Bex, Tony (1994) The Problem of Culture and English-Language teaching in Europe. Iral-International Review of Applied Linguistics in Language Teaching, 32 (1). pp. 57-67. ISSN 0019-042X. (The full text of this publication is not currently available from this repository. You may be able to access a copy if URLs are provided)
This paper argues that we are still some way from developing a coherent theory of the ways in which culture and language interact and what implications such a theory might have for second language teaching. It is suggested that dominant theories of first and second language acquisition tend to treat language as though it were a culturally homogeneous phenomenon, whereas any particular language is made up of a number of different varieties each one of which expresses its own cultural meanings. Because language learners are taught a 'core' variety of the target language, they are often unaware of the cultural differences, tending instead to see the 'core' language as representative of a unified, monolithic culture. This is discussed in relation to the teaching of English within Europe, and suggestions are made as to how language teachers can remedy the situation by making pupils more aware of the cultural diversity of Britain. It is suggested that this would make the language classroom not only instrumental but also educative in function.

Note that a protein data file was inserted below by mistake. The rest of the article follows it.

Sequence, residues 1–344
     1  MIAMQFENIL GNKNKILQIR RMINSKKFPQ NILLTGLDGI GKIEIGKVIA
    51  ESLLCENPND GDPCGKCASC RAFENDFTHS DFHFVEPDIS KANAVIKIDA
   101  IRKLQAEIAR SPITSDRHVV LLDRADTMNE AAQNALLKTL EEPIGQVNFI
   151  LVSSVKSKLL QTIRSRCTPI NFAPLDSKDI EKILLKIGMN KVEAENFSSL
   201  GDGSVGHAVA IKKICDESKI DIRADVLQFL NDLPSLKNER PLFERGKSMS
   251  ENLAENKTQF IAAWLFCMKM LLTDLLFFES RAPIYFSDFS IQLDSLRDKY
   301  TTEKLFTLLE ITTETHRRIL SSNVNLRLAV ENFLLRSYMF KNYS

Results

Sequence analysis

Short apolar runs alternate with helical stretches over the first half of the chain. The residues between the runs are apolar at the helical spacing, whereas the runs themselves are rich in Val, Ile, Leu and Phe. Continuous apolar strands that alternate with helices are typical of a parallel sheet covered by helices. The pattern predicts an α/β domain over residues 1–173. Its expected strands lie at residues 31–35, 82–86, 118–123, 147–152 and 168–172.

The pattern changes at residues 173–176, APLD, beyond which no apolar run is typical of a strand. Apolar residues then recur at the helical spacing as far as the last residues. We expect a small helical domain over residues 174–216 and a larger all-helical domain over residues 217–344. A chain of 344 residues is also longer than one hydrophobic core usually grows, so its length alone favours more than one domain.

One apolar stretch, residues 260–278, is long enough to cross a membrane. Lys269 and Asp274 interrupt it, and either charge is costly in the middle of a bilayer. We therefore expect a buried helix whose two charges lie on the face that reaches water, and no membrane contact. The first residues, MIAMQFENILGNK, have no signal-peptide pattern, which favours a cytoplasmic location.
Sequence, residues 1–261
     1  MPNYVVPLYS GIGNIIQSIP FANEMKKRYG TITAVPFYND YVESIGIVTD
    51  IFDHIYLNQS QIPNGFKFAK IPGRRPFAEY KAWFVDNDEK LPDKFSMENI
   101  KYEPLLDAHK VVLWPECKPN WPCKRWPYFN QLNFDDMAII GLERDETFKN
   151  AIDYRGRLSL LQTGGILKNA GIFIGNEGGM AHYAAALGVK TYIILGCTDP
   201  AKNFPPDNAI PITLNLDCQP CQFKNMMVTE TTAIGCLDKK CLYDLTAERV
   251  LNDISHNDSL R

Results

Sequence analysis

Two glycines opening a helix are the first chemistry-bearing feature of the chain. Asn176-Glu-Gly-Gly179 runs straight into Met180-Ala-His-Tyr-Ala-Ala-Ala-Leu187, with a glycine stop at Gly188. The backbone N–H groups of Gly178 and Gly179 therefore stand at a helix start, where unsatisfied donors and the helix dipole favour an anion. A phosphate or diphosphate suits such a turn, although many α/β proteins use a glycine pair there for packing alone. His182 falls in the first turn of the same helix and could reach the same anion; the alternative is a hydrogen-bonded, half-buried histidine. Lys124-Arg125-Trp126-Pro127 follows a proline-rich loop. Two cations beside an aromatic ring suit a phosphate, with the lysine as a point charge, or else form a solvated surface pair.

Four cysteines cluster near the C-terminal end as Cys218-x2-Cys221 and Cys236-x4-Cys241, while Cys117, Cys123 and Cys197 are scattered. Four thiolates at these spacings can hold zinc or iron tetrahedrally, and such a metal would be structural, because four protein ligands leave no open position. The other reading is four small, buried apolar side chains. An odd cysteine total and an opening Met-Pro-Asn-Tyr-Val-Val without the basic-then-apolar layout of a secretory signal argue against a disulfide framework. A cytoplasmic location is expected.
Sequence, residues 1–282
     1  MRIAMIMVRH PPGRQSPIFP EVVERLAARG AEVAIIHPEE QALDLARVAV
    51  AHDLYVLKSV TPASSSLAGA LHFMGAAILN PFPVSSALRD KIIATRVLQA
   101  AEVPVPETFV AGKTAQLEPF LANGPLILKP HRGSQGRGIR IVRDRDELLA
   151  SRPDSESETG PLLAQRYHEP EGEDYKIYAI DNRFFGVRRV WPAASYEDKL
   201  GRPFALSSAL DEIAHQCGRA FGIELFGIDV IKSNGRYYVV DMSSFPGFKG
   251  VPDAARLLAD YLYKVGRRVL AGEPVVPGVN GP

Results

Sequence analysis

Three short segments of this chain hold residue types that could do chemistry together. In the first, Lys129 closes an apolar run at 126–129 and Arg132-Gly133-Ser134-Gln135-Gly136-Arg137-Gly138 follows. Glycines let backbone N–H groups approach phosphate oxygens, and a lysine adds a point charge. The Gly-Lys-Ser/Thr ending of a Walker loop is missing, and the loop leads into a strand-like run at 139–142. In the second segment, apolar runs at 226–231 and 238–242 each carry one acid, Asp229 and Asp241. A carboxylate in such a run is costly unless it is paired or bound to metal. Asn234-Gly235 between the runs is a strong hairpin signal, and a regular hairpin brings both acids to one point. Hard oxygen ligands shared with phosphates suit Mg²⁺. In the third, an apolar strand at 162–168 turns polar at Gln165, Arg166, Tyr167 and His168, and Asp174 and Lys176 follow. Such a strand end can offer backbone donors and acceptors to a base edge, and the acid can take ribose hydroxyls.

|Subjects:||L Education > L Education (General)|
|Divisions:||Faculties > Humanities > School of European Culture and Languages|
|Depositing User:||P. Ogbuji|
|Date Deposited:||27 Aug 2009 07:08|
|Last Modified:||12 May 2014 08:47|
|Resource URI:||https://kar.kent.ac.uk/id/eprint/20385 (The current URI for this page, for reference purposes)|